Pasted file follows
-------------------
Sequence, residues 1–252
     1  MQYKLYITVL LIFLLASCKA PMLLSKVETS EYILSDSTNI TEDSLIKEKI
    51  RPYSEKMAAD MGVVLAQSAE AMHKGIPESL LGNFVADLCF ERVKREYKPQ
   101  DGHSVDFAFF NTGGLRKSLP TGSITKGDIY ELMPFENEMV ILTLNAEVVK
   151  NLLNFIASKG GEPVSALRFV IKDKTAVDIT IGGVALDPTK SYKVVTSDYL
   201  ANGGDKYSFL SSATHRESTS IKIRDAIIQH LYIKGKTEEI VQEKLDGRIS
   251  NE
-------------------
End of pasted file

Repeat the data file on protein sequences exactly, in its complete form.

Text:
Sequence, residues 1–252
     1  MQYKLYITVL LIFLLASCKA PMLLSKVETS EYILSDSTNI TEDSLIKEKI
    51  RPYSEKMAAD MGVVLAQSAE AMHKGIPESL LGNFVADLCF ERVKREYKPQ
   101  DGHSVDFAFF NTGGLRKSLP TGSITKGDIY ELMPFENEMV ILTLNAEVVK
   151  NLLNFIASKG GEPVSALRFV IKDKTAVDIT IGGVALDPTK SYKVVTSDYL
   201  ANGGDKYSFL SSATHRESTS IKIRDAIIQH LYIKGKTEEI VQEKLDGRIS
   251  NE